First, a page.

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Big Oil on Life Support, but It Is Not Time to Pull the Plug

The events of the last week are leading to questions about the future of big oil and whether it will be able to survive. There is worry about bankruptcies. Major companies are shedding jobs by the tens of thousands. Prices dropped into negative territory for the first time in history. And many producers warn they will die without government-imposed production cuts.

The industry has been in trouble before and turned things around, but many believe this is not like the downturns of the past. How bad it is depends on who you are talking to. Some analysts say it may be irreversible. Others say the industry is hurting but will survive

Bill Gilmer, director of the Institute for Regional Forecasting within the C. T. Bauer College of Business at the University of Houston subscribes to the survival opinion.

Prior to COVID-19, oil was suffering from some credit issues, and the Russians and Saudis were waging a way to try to kill each other off by pushing prices down.

Since the pandemic and the resulting stay-home orders, world demand has dropped from 100 million barrels of crude a day down to about 75 million barrels a day. Suddenly, there’s a huge glut of product and nowhere to store it.

Gilmer said the price way is over, and the virus has won. He said production cuts are necessary right now.

“It’s all hands on deck — I mean the Russians, the Saudis, the Americans — everybody working to clear that glut. If cutting production now helps clear it, it is probably a good thing.”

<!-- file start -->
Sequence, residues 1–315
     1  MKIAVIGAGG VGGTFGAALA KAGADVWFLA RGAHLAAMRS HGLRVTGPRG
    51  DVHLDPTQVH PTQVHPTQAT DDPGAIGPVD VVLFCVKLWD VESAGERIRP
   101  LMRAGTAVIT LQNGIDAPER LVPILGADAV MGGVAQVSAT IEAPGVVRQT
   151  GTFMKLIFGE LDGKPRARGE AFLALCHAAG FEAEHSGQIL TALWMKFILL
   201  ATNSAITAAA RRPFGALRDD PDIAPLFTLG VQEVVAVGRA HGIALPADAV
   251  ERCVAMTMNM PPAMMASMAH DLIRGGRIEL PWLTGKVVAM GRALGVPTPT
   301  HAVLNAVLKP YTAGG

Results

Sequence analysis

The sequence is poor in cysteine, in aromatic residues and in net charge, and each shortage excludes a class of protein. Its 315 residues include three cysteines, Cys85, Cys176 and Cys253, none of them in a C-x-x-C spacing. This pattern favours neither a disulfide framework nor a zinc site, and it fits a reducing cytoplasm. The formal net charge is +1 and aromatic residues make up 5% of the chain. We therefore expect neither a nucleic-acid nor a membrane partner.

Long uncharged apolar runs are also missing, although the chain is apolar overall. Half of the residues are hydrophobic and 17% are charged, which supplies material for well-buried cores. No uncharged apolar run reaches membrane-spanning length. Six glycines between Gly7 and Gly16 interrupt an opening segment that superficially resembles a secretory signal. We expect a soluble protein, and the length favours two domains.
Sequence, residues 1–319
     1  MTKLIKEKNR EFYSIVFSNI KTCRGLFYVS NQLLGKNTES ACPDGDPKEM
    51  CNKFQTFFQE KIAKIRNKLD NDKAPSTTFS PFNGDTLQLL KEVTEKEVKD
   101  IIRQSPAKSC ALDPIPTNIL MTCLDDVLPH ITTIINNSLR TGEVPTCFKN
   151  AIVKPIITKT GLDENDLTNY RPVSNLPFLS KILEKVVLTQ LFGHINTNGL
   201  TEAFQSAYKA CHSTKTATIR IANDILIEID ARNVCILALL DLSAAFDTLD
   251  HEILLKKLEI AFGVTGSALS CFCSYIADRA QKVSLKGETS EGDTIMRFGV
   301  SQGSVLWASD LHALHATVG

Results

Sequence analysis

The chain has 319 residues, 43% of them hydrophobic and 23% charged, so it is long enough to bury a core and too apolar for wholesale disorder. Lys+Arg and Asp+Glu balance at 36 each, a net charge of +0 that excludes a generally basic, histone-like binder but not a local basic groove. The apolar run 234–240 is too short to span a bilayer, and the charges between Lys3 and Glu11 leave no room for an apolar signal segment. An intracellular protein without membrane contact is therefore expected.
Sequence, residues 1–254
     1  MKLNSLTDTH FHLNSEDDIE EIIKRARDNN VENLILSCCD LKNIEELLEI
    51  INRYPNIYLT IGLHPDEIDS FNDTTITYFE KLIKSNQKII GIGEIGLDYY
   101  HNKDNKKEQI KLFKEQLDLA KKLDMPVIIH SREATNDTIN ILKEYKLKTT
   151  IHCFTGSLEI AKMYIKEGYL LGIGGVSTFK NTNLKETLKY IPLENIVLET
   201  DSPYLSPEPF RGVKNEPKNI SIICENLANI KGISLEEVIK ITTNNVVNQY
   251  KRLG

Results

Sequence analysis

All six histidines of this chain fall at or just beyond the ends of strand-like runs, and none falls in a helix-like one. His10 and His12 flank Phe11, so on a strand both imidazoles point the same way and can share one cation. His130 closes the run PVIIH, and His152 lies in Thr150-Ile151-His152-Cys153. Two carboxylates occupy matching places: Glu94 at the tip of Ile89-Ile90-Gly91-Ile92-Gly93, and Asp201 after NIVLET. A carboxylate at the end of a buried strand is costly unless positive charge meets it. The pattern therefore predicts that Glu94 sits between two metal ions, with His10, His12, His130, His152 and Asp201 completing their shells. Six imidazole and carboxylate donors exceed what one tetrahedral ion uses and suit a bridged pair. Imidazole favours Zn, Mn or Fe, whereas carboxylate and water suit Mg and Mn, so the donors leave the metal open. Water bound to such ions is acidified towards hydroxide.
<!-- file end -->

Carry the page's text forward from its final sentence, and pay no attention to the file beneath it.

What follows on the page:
As for the future, Gilmer points to the birth of the fracking industry in the middle of the Great Recession of 2008 and the price rebound that occurred following another attempt at market control by the Saudis in 2015 and 2016. He said recovery will happen again, but it will be harder this time. Clearing the glut is the first step, and that can’t happen until the virus goes away.

“The virus is driving it. The public health officials are riding shotgun, and the rest of us are in the back seat,” he said.

How soon recovery happens is also up to the virus. Gilmer’s crystal ball shows us moving toward a milder recession with oil prices in the $40 per barrel range by the end of the year, providing the virus dies down.

“There’s going to be life on the other side of this, and we are going to be fine, I think, by September, October. Certainly, by early next year.”

About 70,000 jobs were lost during the price war with the Saudis five years ago. Only around 18,000 of those jobs have been recovered. Since the pandemic hit, there have been about 5,000 jobs cut in Houston, and the rig count has fallen 25 percent.

Gilmer predicts 12,000 to 15,000 more jobs will be lost in Houston before this is all over, but he’s more worried about Midland, Amarillo and south Texas. As the rig count continues to decline, he expects dramatic declines in oil field employment.  

The Texas Railroad Commission, which regulates the state’s oil and gas industry, will meet May 5 to again consider cutting production by 25 percent.

In Washington, the Trump Administration has indicated it is working on a bailout, but no formal plan has been unveiled.On Wall Street today, the price of oil sits at about $12 a barrel, up from the $37.63 below zero closing of a week ago, but still far from the $60 price point at the start of 2020.

RA Staff
RA Staff
Written by RA News staff.


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